Foreigners assembled in the chamber “Accademia Poliglotta di Propaganda”108 to pay him tribute. But it is more interesting to cite what Cardinal Mezzofanti thought about Hungarian: “Do you know what language I place before all others. Mezzofanti learned as many as four Hungarian dialects from displaced soldiers. He answered their questions one by one—always in their language. He told dying soldiers to speak these religious recitations in their mother tongues. . e various wars provided ample opportunity for him to get acquainted with diverse languages as a confessor of the injured in the hospital of Bologna. sentence-constructing. Whether a “pesthi” dialect actually existed and whether the “Eperies” dialect was in fact some variant of Slovak is diﬃcult to determine 150 years later. for constructive capability and rhythmical harmoniousness?— e Hungarian. called Congregation for the Evangelization of Peoples since 1982. His method was more or less the same as Kossuth’s. and the Lord’s Prayer. e young priest soon gained worldwide fame and the church and lay notabilities who passed through Bologna didn’t miss paying him a visit. he attributed all his results to two factors—his energy and persistence. except that it wasn’t a Shakespeare play that he used as a starting point but the Creed. the Hail Mary. and pronunciation rules of their languages. It was part of the Sacred Congregation for the Propagation of the Faith (Sacra Congregatio de Propaganda Fide). With childlike modesty. and their melody took me completely by surprise. Mark its future history. 108. next to Greek and Italian. and that is how he learned the word-forming. I know some pieces of the later poets of Hungary. According to the historical record.18 0 / P OLYG L O T: HOW I L E A R N L A NGUAG E S intellectual career then open to the poor—theology. Eyewitnesses note that he switched from one language to another without any hitch or transition and that he wrote epigrams or exhortations for visitors at their request.
html . W. Society. “Transactions of the Phyl. e actual source is e Life of Cardinal Mezzofanti by C. judge. and memorize the essence of languages can equal my achievement. analyze.” 109. Russel (1863).” (Quoted by Watts. available online at http://how-to-learn-any-language.The Linguistic Gift / 181 and you will see in it a sudden outburst of poetic genius. e Hungarians themselves do not seem to be aware of what a treasure they have in their language.com/e/mezzofanti/index.” 1855)109 How could anyone not like this kind scholar? Mezzofanti once wrote in the notebook of one of his admirers that “Anyone who can comprehend. which will fully conﬁrm my prediction.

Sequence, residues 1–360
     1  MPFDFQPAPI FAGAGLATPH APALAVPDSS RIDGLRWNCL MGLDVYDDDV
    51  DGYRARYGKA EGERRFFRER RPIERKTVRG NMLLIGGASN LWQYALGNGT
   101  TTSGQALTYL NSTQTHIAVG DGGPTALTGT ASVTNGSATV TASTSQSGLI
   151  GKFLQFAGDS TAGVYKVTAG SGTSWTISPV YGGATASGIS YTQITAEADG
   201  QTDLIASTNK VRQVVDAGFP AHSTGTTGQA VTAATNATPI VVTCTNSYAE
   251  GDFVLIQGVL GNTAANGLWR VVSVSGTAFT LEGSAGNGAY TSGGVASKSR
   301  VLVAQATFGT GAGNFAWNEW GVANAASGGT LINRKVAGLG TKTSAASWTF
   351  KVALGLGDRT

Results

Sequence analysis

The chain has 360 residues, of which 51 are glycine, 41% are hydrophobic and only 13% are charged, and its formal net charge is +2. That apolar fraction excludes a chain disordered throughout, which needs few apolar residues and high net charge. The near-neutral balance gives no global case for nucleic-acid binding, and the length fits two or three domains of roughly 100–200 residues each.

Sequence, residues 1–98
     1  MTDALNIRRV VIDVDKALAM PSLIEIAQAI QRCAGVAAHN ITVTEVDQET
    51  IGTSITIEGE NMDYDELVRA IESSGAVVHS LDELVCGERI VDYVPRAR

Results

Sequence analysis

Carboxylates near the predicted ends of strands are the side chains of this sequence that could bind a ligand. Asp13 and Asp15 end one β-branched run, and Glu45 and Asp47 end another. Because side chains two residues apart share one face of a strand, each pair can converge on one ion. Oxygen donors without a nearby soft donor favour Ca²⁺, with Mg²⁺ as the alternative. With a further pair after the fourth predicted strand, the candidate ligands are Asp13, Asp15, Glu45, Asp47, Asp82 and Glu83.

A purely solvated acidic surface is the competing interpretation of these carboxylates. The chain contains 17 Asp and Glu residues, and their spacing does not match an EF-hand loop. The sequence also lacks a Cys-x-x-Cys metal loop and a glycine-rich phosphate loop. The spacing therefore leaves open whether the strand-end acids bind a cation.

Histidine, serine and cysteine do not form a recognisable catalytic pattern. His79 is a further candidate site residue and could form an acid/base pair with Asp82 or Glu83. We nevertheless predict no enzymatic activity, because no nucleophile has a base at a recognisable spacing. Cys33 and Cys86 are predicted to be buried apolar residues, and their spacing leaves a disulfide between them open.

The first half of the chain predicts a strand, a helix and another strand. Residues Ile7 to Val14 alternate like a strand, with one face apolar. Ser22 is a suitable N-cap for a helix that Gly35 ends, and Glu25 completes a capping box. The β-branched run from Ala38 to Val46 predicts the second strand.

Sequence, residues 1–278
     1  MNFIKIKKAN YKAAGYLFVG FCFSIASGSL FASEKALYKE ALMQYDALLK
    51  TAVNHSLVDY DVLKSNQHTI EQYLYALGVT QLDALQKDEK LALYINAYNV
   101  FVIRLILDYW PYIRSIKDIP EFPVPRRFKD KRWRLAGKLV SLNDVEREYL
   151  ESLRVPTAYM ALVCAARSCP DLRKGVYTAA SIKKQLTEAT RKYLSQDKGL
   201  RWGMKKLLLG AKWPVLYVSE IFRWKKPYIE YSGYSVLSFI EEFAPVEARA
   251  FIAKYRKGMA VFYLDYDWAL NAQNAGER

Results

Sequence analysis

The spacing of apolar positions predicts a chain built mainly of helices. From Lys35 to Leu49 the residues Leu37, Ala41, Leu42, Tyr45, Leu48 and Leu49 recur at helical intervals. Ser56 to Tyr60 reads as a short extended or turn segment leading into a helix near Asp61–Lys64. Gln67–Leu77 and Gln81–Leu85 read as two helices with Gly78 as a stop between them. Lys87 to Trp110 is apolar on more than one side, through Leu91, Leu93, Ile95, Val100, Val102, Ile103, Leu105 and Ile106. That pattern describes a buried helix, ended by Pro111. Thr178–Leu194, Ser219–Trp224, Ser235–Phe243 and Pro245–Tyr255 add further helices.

catering. It is the problems of the latter three that I will discuss in this chapter. Our public education system is guilty of a grave omission in preparing students for language careers. I believe that those who choose languages as their obsession never really feel depression. G. It is clear to us that certiﬁable training in the art of translation and interpreting is not only demanded by the young. in professional communications. In fact linguaphiles may achieve a spiritual balance if they can make a living oﬀ of languages. Admitting bias. and three—language instruction. in statistical reports. Shaw says as much in Pygmalion: “Happy is the man who can make a living by his hobby!” How can a linguaphile make a living oﬀ of his or her passion? ere are three occupations—international business. and interpreting—that require formal foreign language knowledge. and in the daily newspaper. and tourism—that generally require practical foreign language skills. psychologists advise us to ﬁnd a hobby. We—translators and interpreters—have called attention to this problem several times at meetings.23 _______________________________ Language Careers ≈ TO PREVENT depression. but also by the 183 . Only for language teaching does it oﬀer a systematic training program and thus oﬃcial qualiﬁcation. B. translation.